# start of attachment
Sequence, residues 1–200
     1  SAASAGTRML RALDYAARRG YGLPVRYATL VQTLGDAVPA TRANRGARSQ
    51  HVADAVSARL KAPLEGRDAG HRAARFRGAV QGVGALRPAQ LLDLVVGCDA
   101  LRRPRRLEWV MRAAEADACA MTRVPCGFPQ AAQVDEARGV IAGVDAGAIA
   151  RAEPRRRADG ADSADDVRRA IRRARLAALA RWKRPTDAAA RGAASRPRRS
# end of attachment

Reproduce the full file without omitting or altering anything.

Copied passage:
Sequence, residues 1–200
     1  SAASAGTRML RALDYAARRG YGLPVRYATL VQTLGDAVPA TRANRGARSQ
    51  HVADAVSARL KAPLEGRDAG HRAARFRGAV QGVGALRPAQ LLDLVVGCDA
   101  LRRPRRLEWV MRAAEADACA MTRVPCGFPQ AAQVDEARGV IAGVDAGAIA
   151  RAEPRRRADG ADSADDVRRA IRRARLAALA RWKRPTDAAA RGAASRPRRS